Jim was well aware the no-bullshit, honest and open way of asking difficult questions was a driving force behind Harvey’s successful campaign. He actually liked Harvey because of that, too. But right then, he really didn’t appreciate it.
“Harvey,” he said instead, his tone flat, looking up and fixing his gaze on the other man.
“Fine. Let’s try the other one. Do you trust him?”
“Yes.” That one was a no-brainer, instinctive and quick; a gut answer if there was any.
Too fast, judging from the look Harvey shot him, but well, it was out there. After a moment, Harvey nodded. “Alright then. May I?” he asked, gesturing at the light, and Jim nodded reluctantly.
“Be my guest. Just don’t be disappointed if he doesn’t show up. It’s there to remind people he’s out there, it’s not exactly a direct line.”
“Do you have one of those?”
Cheap shot, one that Jim promptly ignored.
“I’m here,” Bruce said from the shadows, his voice lowered into the official Batman growl. He must have been somewhere nearby, to get here so quickly. That, or Rachel called ahead and warned him of Harvey’s visit. It probably added to the vigilante mystique, but mostly, it just reminded Jim how complicated and tangled the whole thing was.
“Lau’s being taken into custody now,” Jim told him with a nod. “Montoya and Bullock went to get him.”
“They’ll need backup,” Bruce agreed. “I can catch up with them.”
“I need to…” Harvey started and stopped abruptly when Bruce turned to him, his stance not changing one bit but somehow indicating giving Harvey his full and undivided attention. It was something, Jim thought, to have that darkened stare fixed on you; it still felt strange to Jim and he knew who it was underneath the mask.
“It can wait,” Bruce said firmly, only the slight nod of the cowl indicating the hesitance. “You’ll have your answers soon.”
Well, Jim thought, so the decision had been made. He felt relieved, somehow, and yet incredibly uneasy about it, but he wasn’t the most unbiased person around here.
“Does it mean what I think it means?” Harvey asked lightly, turning to Jim, and when he glanced back, Bruce was gone. “Does he do that often?”
Jim snorted. “Sometimes.”
It didn’t take Bullock and Montoya long to come back with Lau, but Rachel showed up few minutes ahead of them and Jim was pretty sure who notified her of the upcoming arrest. Sometimes, he thought, Bruce was like a newscast himself.
She kissed Harvey hello and then looked at Jim with a pointed look before marching out of the office, apparently expecting Jim to follow. Harvey shrugged. “Better do what she says. Well, what she indicates with a glare anyway.”
“Restroom, Rachel? Really?” he asked dryly as she spent a moment looking into the cubicles, checking if they were alone. “This thing of yours is beginning to reach dangerous proportions. And a men’s restroom to boot.”
She shrugged at that. “Well, you wouldn’t follow me to the ladies’ room.”
Damn right he wouldn’t. “And why exactly am I following you into any restrooms at all?”
“Because Harvey’s in your office,” she said matter-of-factly. Well, there was that. “So, how did it go? He’s not shell-shocked, so Bruce didn’t spill the beans, I gather.”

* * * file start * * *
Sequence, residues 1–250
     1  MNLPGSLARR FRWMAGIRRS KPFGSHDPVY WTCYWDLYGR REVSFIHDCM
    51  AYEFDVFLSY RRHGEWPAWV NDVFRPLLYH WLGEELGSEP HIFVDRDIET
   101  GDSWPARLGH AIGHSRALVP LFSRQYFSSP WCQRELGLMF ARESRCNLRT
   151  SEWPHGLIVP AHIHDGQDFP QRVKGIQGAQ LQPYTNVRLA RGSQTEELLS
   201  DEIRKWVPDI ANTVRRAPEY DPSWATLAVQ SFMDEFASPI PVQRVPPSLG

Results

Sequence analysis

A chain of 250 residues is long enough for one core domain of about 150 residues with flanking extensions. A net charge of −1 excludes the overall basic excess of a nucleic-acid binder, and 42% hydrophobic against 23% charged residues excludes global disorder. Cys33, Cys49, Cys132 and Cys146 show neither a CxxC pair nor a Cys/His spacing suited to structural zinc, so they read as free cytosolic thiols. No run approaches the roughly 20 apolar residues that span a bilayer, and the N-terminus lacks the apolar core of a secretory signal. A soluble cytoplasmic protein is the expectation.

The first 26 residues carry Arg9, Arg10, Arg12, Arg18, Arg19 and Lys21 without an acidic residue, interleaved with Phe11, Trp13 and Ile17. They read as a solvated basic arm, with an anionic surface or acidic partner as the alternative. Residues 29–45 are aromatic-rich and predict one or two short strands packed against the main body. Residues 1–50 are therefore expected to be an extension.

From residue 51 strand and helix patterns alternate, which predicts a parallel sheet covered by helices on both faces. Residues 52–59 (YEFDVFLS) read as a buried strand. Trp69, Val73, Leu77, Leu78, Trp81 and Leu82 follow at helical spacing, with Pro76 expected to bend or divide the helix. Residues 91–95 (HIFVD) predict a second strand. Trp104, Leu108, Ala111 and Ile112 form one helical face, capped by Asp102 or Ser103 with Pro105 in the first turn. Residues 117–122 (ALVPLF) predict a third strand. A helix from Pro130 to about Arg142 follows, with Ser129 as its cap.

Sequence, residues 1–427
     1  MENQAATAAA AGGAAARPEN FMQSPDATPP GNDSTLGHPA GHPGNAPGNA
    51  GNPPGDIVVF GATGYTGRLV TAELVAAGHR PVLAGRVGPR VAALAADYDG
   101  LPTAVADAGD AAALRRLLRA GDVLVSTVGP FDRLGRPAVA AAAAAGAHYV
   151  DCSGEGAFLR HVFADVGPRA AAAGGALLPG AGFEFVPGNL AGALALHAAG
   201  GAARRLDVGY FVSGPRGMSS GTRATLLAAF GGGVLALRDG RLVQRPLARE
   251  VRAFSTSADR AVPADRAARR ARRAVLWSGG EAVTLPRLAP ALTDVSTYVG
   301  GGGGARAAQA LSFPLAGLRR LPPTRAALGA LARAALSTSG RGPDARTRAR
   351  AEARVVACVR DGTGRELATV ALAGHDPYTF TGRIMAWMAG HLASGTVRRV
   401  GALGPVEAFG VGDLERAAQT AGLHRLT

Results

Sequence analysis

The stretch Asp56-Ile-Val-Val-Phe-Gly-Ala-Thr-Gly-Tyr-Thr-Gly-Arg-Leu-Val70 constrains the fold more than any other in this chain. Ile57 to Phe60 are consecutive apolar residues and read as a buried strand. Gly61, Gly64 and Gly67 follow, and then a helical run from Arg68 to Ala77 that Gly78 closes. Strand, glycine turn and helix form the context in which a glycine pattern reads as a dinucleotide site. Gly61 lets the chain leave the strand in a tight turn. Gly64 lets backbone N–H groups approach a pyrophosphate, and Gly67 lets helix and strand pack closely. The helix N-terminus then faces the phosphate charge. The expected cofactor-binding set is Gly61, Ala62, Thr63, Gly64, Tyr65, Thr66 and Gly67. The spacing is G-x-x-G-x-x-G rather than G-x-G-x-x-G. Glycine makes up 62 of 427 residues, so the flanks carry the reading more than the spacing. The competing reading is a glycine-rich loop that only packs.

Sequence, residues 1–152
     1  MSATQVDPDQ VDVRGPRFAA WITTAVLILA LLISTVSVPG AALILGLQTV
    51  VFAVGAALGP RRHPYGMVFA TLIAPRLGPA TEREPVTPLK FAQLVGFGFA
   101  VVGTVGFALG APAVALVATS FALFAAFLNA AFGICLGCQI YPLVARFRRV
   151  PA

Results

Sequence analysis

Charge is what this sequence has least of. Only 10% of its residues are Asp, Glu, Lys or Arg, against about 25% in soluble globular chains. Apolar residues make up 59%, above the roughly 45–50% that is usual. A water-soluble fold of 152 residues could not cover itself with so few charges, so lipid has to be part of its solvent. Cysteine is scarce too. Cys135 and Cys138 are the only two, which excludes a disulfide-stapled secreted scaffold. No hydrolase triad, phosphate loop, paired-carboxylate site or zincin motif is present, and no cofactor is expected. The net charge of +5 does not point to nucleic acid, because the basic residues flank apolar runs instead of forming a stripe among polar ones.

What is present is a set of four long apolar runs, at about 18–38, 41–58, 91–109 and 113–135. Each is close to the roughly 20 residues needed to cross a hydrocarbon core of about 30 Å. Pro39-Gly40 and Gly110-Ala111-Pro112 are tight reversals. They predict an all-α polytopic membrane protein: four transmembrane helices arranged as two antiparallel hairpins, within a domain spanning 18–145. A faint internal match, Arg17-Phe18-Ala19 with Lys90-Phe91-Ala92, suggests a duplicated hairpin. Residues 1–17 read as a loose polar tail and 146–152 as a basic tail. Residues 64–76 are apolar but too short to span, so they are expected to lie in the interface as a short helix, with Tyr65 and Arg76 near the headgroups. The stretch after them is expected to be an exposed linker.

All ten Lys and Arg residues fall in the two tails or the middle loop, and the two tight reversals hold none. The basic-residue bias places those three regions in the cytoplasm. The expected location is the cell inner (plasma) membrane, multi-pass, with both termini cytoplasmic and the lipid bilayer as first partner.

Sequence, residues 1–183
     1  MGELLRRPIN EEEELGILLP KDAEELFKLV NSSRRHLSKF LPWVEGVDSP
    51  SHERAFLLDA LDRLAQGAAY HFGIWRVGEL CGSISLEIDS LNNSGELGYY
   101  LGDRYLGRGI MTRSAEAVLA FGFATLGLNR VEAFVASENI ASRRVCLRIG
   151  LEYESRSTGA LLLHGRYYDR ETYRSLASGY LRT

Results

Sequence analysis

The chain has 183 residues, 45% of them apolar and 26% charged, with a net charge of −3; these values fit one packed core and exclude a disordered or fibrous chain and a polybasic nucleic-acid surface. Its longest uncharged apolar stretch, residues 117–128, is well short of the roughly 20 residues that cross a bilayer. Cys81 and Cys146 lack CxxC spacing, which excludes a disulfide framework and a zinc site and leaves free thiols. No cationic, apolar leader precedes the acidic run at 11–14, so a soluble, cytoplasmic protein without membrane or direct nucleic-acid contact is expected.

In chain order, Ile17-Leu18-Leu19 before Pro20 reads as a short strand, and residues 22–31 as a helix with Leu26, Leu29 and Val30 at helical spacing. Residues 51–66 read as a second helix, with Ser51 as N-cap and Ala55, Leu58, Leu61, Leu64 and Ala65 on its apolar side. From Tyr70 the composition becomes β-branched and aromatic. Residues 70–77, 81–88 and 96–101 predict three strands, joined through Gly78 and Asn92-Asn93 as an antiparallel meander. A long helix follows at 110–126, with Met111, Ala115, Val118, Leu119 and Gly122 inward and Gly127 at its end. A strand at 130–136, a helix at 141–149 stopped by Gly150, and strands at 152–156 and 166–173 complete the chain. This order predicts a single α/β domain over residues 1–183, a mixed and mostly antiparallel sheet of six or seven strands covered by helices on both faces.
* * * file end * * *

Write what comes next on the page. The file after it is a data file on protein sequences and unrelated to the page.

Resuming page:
“He’s considering it, I think,” Jim shrugged. “But he has a lot going on at the moment.”
“I could find a way to lighten his load,” Rachel said pointedly. “He could give up that insane idea of throwing me that engagement party.”
“Wouldn’t count on that. I think it’s his way of processing.”
“Yeah, thought so,” she muttered, leaning against the sink, her lips twisting as her smile gave way to seriousness. “And how are you doing?”
“With your engagement? I’m strangely fine with it,” he said, probably overdoing with the sarcasm but, well, it was Rachel and she was kind of asking for that one.
“That’s the spirit,” she deadpanned. “No, with Bruce. You said sulking and it can’t be easy…”
“I’m fine,” he interrupted her. “And so is Bruce, to be honest. It’s just, damn, Rachel, when did I start to discuss my goddamn feelings in a restroom of all places?”
She waves her hand dismissively. “You were saying?”
“I said brooding, not sulking,” he pointed out, one last thing before he gave in and nodded. “I think Bruce wonders often, maybe too often, what would his parents think of his life, if they survived. What would they want for him. That they would love you as a daughter in law and that a career of a masked vigilante wasn’t exactly something they envisioned. And they certainly didn’t envision a middle-aged harried cop.”
Rachel nodded slowly, then moved and punched him on the shoulder. “You can be a real idiot, Jim.”
“I knew that,” he agreed.
“Did it feel good to say it all out loud?”
Well, to be honest, yes. “Somewhat.”
“We should rejoin the others, then. They should be back by now and I can’t wait to get a crack at Lau. And you can try and convince Bruce to give up the party idea. Come on, I know you don’t want to attend it anyway.”
“Maybe, but at least I can make excuses; I won’t be the guest of honour.”
“Damn,” she laughed.
Montoya gave them a strange look when they joined everyone in Jim’s office, but this was probably due to the bathroom part.
“Hey, boss. We have a gift for you in the interrogation.”
“How did it go?”
“Surprisingly easy,” she said, frowning. “For someone who invests so much in security, Lau didn’t have much of the goons with him. They were all in the back alley, apparently had happened to walk into doors a lot. Curious.”
No one could say Bruce methods weren’t successful. And while Jim sometimes wished Bruce could leave the smaller stuff to the police, whose duty it actually was, he couldn’t argue with wanting to keep his officers safer.
“How do you want to do this?” he turned questioningly to Harvey, who shrugged.
“Lady’s choice,” he said and Rachel smiled winningly.
“See, why can’t we implement this approach?” Montoya wanted to know.